Taylor Swift is one of the most successful female country artists of the last 10 years – the renowned site The Boot even named her (along with Carrie Underwood) The Country Royalty, after they were the only country artists listed in Rolling Stone‘s “Queens of Pop” list. Whether you like her music or not, you can definitely learn some marketing and business lessons from Taylor Swift.
Swift wrote her first song at age 10. She started playing guitar not long before venturing into songwriting (and she’d already won awards for poetry she’d written before she gave songwriting a go). Subsequently, she released her first single at 16, and her self titled debut album followed… which was then certified multi-platinum by the RIAA.
What’s the lesson here? Start early. Practice a lot. Don’t worry about being perfect on your first go.
Too many people put off creating their first product or service, or putting advertising on their site, because they’re new. They figure they’ll wait until later. Bad idea! The sooner you start putting up paid offerings on your website, and start bringing in some money with it, the sooner you’ll make the subconscious shift to actually treating your website as a business. Your first product doesn’t have to be something huge – it can be a $15 e-book, for example. Just get something finished and out there, and don’t worry about perfection. As you progress along your internet marketing journey, you’ll create better and more high quality products, but you won’t ever start improving if you don’t just start.
Swift’s songs are famous for being very personal and diary-like. She’s even said:
If you listen to my albums, it’s like reading my diary.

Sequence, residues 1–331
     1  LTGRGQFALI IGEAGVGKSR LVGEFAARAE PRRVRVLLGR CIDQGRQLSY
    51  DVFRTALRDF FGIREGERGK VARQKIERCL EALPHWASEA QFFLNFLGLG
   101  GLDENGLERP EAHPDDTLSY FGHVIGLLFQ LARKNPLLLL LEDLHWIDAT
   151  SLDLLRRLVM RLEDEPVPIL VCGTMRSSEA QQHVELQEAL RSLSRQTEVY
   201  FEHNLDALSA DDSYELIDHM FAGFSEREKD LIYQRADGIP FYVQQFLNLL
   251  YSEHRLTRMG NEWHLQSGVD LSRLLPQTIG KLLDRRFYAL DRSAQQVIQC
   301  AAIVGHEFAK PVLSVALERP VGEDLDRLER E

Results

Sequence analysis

Surprisingly, her very personal songs make her stand out in the music industry; she’s also said:
I thought people might find them hard to relate to, but it turned out that the more personal my songs were, the more closely people could relate to them.
You can use this in your business by being more authentic. It’s true that authenticity is an overused buzzword; it’s also true that it’s overused for a reason. People can relate to authenticity and it makes them trust you more, and when people trust you more, they’re more likely to buy from you.
You don’t have to start talking about incredibly personal things in every blog post, but you might do one out of five blog posts that tie some element of your personal life to your business, and relate a lesson to the reader. As a bonus, these types of blog posts are very likely to go viral when done well – so sprinkling a few of them into your blog every now and then is a solid traffic strategy as well.
Handle Conflict With Grace
You probably heard about the 2009 MTV VMA fiasco. Swift was presented an award for Best Female Video, and while she was accepting the award on stage, Kanye West (another musician) walked up, took the microphone, and interrupted her speech, saying that a different video (“Single Ladies“, by Beyonce) was “one of the best videos of all time“. Swift didn’t finish her acceptance speech after that (until later, when Beyonce won an award and called her on stage to finish it).
Whether it was manufactured drama (a popular theory) or genuine drama, Swift is a case-study for handling the conflict well. She kept her composure relatively well on stage, not losing her temper, and when she did talk about the incident in public, she didn’t rant or say anything vicious – she simply said that at first she was excited to see Kanye, and then disappointed after he said what he did. This made people love and respect her even more than they already did.
The lesson here is simple: it’s always better to be the bigger person. You get more respect, trust, and fans that way. Next time you encounter a conflict where it’d be all to easy to lose your cool, bite your tongue, count to ten, and handle the conflict with grace instead – your business will thank you for it.